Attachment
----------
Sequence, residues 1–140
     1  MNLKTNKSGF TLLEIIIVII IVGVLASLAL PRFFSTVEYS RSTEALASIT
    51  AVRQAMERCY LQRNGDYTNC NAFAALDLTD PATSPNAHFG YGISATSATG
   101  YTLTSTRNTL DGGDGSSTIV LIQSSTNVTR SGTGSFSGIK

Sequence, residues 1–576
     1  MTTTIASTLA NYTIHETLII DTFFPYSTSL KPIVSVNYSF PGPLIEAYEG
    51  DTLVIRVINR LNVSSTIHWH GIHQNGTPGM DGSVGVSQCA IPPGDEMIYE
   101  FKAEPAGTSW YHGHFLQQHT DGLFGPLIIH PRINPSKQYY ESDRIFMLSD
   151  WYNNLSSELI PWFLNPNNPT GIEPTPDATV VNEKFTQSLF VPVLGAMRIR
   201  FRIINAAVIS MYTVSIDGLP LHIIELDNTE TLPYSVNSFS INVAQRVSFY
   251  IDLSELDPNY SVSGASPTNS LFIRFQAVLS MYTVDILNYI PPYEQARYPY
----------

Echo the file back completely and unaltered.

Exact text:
Sequence, residues 1–140
     1  MNLKTNKSGF TLLEIIIVII IVGVLASLAL PRFFSTVEYS RSTEALASIT
    51  AVRQAMERCY LQRNGDYTNC NAFAALDLTD PATSPNAHFG YGISATSATG
   101  YTLTSTRNTL DGGDGSSTIV LIQSSTNVTR SGTGSFSGIK

Sequence, residues 1–576
     1  MTTTIASTLA NYTIHETLII DTFFPYSTSL KPIVSVNYSF PGPLIEAYEG
    51  DTLVIRVINR LNVSSTIHWH GIHQNGTPGM DGSVGVSQCA IPPGDEMIYE
   101  FKAEPAGTSW YHGHFLQQHT DGLFGPLIIH PRINPSKQYY ESDRIFMLSD
   151  WYNNLSSELI PWFLNPNNPT GIEPTPDATV VNEKFTQSLF VPVLGAMRIR
   201  FRIINAAVIS MYTVSIDGLP LHIIELDNTE TLPYSVNSFS INVAQRVSFY
   251  IDLSELDPNY SVSGASPTNS LFIRFQAVLS MYTVDILNYI PPYEQARYPY